So, none of us are under any illusions that the contract deal solves all our problems; far from it. It’s a start, but only that. We still have a huge task to do to reduce unsafe workload burdens, to change the ridiculous pension arrangements that penalise hard-working GPs, to resolve problems with premises, to deal with the repeated failings of Capita, to attract and retain more GPs and above all to improve GP morale. These are all huge issues that impact GPs and practices day after day and we will not rest until we have resolved them.
But we also need to recognise when we are the ones that need to change, when we could learn and do better. The Romney Report, commissioned by the BMA following serious concerns raised by female GPs, should not only be read by all of us, but should be acted on by all of us. Every GP and every member of staff, whether in the BMA, LMCs, practices, out-of-hours organisations, CCGs or any NHS organisation both locally and nationally, deserves dignity, courtesy, kindness and respect.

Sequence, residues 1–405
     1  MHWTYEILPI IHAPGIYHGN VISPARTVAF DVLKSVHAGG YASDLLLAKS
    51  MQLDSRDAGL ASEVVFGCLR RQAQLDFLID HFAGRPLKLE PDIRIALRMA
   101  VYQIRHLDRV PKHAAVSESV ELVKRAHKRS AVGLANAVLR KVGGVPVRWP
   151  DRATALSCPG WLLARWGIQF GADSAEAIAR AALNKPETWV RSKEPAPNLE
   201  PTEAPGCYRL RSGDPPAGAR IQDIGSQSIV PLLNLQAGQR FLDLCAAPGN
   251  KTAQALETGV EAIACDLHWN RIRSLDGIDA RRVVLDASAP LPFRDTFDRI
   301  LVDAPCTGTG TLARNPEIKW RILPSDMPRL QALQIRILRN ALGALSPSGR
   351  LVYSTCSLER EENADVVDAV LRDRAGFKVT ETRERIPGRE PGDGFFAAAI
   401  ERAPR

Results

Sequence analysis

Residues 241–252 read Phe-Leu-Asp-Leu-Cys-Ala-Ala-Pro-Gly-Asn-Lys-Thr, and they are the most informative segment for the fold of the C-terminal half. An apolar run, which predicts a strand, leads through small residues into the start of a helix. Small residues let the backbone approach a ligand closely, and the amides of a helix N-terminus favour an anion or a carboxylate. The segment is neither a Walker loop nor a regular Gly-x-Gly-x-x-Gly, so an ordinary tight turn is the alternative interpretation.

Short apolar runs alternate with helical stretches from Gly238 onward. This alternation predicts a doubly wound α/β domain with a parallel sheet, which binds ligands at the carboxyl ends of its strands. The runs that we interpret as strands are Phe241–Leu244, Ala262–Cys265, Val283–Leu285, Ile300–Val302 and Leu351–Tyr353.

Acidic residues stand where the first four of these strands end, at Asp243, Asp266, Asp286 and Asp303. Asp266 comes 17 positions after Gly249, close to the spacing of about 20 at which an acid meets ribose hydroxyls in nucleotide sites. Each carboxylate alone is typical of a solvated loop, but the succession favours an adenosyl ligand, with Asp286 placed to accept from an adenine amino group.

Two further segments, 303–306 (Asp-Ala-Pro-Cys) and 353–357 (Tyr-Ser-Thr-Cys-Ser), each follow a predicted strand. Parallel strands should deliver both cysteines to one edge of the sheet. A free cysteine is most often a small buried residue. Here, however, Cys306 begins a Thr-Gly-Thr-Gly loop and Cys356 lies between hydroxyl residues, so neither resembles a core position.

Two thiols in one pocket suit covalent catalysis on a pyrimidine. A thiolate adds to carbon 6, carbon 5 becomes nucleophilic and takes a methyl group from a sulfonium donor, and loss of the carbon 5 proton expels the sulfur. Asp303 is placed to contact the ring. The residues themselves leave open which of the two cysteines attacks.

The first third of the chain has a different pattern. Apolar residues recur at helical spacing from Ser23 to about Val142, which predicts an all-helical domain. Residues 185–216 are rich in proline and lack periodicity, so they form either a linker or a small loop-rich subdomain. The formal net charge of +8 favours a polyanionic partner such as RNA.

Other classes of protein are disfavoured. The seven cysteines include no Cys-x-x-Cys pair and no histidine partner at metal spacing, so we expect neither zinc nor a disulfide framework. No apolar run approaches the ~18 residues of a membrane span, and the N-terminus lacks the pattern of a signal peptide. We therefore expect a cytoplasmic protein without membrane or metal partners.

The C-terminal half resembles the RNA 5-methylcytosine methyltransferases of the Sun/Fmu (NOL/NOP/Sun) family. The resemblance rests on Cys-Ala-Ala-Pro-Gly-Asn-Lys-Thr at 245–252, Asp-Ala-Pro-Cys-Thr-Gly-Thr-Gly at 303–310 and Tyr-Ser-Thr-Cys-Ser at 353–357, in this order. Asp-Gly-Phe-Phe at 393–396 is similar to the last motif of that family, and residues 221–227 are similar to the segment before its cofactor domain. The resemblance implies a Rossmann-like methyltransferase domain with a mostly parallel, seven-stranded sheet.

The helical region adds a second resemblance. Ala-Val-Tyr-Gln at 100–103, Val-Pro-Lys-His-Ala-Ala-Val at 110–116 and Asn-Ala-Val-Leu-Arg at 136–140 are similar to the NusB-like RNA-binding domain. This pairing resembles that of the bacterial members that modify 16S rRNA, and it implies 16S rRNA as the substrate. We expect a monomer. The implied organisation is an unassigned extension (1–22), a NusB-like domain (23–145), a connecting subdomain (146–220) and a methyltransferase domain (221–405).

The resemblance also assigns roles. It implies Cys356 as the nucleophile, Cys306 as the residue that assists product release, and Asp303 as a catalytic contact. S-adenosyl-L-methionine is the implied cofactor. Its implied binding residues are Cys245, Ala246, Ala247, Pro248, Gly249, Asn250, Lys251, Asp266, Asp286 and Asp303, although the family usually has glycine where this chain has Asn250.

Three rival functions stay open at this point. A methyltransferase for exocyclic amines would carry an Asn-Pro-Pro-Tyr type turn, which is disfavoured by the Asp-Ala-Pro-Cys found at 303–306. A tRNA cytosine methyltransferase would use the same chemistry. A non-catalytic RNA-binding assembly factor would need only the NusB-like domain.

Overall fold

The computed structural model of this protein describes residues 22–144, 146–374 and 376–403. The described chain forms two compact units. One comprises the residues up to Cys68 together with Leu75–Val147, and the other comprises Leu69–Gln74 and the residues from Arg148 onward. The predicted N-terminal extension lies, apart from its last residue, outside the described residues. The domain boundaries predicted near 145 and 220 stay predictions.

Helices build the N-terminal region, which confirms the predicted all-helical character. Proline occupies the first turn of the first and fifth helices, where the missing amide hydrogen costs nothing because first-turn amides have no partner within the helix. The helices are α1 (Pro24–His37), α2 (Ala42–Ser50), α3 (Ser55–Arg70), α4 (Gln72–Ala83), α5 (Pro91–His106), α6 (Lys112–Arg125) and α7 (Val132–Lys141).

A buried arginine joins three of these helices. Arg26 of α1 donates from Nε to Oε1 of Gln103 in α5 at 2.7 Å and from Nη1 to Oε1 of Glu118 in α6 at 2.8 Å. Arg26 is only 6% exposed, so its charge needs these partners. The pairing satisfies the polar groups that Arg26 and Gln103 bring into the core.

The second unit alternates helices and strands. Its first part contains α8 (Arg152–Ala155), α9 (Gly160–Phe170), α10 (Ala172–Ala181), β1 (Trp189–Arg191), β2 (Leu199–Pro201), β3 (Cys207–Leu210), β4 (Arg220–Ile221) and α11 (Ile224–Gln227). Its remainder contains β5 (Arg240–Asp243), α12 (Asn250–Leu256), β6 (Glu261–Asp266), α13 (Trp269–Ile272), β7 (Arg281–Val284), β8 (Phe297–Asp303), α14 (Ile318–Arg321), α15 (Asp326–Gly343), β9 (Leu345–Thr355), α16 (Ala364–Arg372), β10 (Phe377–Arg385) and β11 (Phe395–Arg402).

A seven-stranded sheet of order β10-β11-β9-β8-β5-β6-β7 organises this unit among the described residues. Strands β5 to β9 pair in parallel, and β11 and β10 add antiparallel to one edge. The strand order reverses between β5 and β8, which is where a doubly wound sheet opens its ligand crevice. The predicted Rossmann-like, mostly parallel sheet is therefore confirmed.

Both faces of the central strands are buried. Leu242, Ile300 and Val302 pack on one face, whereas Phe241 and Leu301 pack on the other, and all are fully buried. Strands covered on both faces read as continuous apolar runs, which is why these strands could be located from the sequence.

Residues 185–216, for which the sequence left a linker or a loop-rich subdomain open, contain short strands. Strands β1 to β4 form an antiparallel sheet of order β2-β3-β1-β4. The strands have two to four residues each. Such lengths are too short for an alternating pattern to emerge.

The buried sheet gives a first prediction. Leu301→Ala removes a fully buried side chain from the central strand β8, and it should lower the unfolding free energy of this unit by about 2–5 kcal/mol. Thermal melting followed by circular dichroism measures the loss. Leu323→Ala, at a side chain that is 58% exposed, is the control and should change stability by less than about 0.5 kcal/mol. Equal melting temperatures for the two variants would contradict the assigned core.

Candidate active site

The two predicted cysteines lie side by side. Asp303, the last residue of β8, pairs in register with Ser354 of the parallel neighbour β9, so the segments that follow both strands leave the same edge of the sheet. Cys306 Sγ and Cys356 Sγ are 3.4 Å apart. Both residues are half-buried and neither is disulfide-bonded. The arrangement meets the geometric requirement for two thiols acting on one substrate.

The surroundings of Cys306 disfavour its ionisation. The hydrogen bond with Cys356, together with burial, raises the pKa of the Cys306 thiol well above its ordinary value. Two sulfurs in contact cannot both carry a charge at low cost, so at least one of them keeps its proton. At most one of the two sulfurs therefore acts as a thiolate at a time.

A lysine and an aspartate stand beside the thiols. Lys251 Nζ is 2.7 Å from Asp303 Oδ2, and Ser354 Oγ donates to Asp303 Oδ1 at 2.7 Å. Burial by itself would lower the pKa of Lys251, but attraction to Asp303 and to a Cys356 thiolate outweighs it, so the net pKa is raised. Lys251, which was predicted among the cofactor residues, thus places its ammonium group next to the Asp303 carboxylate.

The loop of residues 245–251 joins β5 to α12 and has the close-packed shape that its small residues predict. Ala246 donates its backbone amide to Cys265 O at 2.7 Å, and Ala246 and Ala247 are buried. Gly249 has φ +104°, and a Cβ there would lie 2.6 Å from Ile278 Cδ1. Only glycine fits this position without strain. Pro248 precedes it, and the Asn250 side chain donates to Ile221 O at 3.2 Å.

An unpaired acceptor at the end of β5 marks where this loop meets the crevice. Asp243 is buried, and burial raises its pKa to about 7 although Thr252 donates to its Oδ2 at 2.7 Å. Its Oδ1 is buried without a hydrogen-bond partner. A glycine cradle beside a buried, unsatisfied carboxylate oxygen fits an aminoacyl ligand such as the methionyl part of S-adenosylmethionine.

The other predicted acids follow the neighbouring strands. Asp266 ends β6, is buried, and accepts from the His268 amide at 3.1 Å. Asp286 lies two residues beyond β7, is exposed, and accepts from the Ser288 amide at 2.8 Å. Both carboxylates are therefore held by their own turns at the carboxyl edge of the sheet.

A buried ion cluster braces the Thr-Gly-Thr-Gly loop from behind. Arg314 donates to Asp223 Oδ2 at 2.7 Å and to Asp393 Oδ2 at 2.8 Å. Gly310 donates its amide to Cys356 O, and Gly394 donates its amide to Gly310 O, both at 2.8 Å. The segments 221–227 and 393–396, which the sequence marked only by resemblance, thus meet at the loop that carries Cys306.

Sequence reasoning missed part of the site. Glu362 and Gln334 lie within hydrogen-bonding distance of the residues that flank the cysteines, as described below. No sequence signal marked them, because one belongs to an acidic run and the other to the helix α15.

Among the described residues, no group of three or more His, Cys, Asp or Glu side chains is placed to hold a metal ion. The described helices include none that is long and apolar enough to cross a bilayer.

No one should be subject to discrimination whether consciously or unconsciously and all should be enabled to play their full part and use their skills to the best of their ability. I’m committed to doing this within GPC and I hope every LMC will do so too.
We not only need to challenge discrimination and discourtesy when we see it, we also must, and we will, fight injustice. It’s simply not acceptable that practices are not properly supported to respond to the vitally important area of child safeguarding and so in August we launched an application for judicial review in Northamptonshire challenging the failure to make any financial provision for child safeguarding services provided by GPs.
It’s not acceptable that dispensing doctors are excluded from parts of the government’s consultation on drug reimbursement reforms and so we are challenging the department on that to enable the voice of dispensing doctors to be heard. And it’s not acceptable that practices in NHS Property Services (NHSPS) premises are left to pick up the cost of an unjustifiable hike in charges and so we will very shortly be lodging a legal test claim in court for five practices which, if successful, would provide a template for other GP practices to defend unlawful claims for service charges by NHSPS.